By Carol Shaw, Editor
It had been nearly 30 years since I last visited the tribe where I grew up. As my brother and I, with assorted grown children and in-laws, pulled into the dirt patch that served as a parking lot near the church, I wondered if anyone would even recognize me. It was a short-lived worry. My mother’s old friend Carán immediately hurried over, calling my name. Other than white hair and a host of wrinkles, she hadn’t changed much. She was still reed-thin and spry, and (I found out later) still an ace with a machete.
She hugged me tight, then began a careful inspection. “Mulún,” she muttered. “Carola mulún…” as she walked around me two or three times.
“What does ‘mulún’ mean?” someone asked. “Fat,” I answered. “She’s telling me I’m fat.”
I was about to explain that it was not an insult, or body shaming, or even an old woman being indiscreet. But before I could do that, Carán burst out, “How can I get fat too?”
In the native culture of my childhood, comments on a person’s body or appearance are never intended to demean. Like nicknames, they are merely descriptive – almost a way of saying, “I see you”. There was my friend Bedbug, who tended to cling to his mother when we were toddlers. Gringo, across the river, had green eyes and light brown hair. Monkey was wiry, with spindly arms and legs. (This cultural acknowledgement is present throughout the language. Hello is “I have come”, and when the visit is over, one doesn’t say goodbye but rather, “I’m leaving now”.)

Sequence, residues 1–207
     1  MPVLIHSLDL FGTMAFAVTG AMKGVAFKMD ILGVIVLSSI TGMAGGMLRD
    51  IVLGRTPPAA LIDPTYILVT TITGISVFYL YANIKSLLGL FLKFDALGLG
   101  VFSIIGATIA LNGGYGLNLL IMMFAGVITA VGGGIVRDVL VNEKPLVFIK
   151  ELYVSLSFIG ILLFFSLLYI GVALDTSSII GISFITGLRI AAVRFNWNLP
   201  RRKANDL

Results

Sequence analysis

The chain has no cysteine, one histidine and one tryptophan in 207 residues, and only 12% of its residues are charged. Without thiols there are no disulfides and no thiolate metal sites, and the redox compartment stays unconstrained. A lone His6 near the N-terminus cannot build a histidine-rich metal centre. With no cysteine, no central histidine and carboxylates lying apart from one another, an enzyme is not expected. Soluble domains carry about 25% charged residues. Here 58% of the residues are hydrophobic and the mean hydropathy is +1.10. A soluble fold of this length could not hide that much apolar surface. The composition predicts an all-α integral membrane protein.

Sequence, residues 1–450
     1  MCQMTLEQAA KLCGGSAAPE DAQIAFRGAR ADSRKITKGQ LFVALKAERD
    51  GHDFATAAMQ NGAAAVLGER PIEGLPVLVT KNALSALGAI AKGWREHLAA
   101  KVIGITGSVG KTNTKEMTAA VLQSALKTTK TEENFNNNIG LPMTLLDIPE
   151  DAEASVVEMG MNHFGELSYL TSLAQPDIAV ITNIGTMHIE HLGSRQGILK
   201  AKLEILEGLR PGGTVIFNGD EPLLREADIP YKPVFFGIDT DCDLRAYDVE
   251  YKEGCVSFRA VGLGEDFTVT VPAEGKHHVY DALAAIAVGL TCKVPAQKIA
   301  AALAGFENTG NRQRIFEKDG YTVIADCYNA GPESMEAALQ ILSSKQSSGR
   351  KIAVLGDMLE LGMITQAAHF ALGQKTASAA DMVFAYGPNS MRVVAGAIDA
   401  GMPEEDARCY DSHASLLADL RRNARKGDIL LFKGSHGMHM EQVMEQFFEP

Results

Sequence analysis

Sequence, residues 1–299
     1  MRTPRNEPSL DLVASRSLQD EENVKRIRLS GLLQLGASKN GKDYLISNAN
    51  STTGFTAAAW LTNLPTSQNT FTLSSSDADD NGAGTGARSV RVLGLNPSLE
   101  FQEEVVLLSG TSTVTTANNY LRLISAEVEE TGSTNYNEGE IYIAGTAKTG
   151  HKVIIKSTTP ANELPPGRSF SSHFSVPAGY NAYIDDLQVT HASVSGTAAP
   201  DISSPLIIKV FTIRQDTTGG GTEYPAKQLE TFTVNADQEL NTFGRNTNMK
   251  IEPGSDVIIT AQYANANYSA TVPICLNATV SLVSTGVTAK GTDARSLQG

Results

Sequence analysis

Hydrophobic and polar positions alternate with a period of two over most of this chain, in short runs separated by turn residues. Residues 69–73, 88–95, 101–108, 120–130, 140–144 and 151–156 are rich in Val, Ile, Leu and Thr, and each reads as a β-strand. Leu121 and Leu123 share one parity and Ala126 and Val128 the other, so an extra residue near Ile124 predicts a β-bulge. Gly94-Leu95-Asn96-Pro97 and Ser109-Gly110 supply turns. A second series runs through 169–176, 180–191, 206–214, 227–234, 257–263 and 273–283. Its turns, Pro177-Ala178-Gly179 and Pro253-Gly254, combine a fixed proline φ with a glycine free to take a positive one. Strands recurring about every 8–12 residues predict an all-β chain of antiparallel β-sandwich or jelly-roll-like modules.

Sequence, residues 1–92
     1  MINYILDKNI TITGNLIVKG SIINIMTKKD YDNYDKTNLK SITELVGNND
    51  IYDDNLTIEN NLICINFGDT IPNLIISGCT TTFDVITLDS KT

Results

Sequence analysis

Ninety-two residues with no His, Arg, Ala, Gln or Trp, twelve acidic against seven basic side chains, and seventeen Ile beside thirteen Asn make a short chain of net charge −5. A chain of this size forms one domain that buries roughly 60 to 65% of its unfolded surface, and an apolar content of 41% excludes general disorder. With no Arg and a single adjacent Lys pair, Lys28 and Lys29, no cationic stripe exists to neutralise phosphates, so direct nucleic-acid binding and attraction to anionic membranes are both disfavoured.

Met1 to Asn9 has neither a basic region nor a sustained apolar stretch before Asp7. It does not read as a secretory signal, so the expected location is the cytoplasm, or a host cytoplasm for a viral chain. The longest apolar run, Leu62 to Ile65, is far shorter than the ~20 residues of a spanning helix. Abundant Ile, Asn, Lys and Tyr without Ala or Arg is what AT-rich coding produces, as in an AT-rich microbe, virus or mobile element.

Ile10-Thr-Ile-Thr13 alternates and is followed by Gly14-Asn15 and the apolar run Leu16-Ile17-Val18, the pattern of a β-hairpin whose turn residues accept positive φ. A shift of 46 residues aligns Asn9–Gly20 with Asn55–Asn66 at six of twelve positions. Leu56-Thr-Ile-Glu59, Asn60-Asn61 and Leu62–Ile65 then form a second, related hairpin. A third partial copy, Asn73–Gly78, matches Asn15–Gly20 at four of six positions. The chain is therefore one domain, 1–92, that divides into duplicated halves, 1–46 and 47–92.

This difference in how nicknames and personal comments are used and perceived is not limited to the indigenous people of my childhood. Other languages have their own cultural rules that come into play. And handling those nicknames and comments can pose a challenge for interpreters and translators. We must be careful to avoid introducing a nuance, either positive or negative, that is not present in the original.
I once filled in for a colleague during a trial in which the prosecution was ordered by the judge to apologize to the jury for wasting their time the previous day.
Apparently, the afternoon before, the attorney had asked the Spanish-speaking witness, “who was driving the car [that nearly hit you]?” The witness answered, “Pues, Güero.”
Güero: a word for someone with blond hair. The tired interpreter had rendered the interpretation as “Well, the white guy”. Despite subsequent attempts to correct the record, the prosecutor had seized on the misinterpretation and spent the rest of the afternoon trying to prove that the witness had a racial bias against Caucasians. Ergo, the apology.
Nicknames are a cultural matter more than a linguistic one. So are the rules that govern what is socially acceptable to say to or about another person. These rules reflect how we interact and relate to each other and are deeply entrenched. They inform our visceral response to someone else’s words, and they vary from one culture to another.
It is essential that interpreters and translators immerse themselves not only in the vocabulary of their language pairs, but also in the cultural worldview and context attached to that vocabulary. Our own cultural filters must not interfere with our understanding of a speaker’s words.
Had my tired colleague been a little less fatigued, they might have translated “Pues, Güero” as “Well, Güero”, and simply allowed the attorney to question further.
Had I been less familiar with the culture, my friend Carán’s words might have stung and caused distance, the very opposite of their intent. “I see you”, she was saying, and I am the better for it.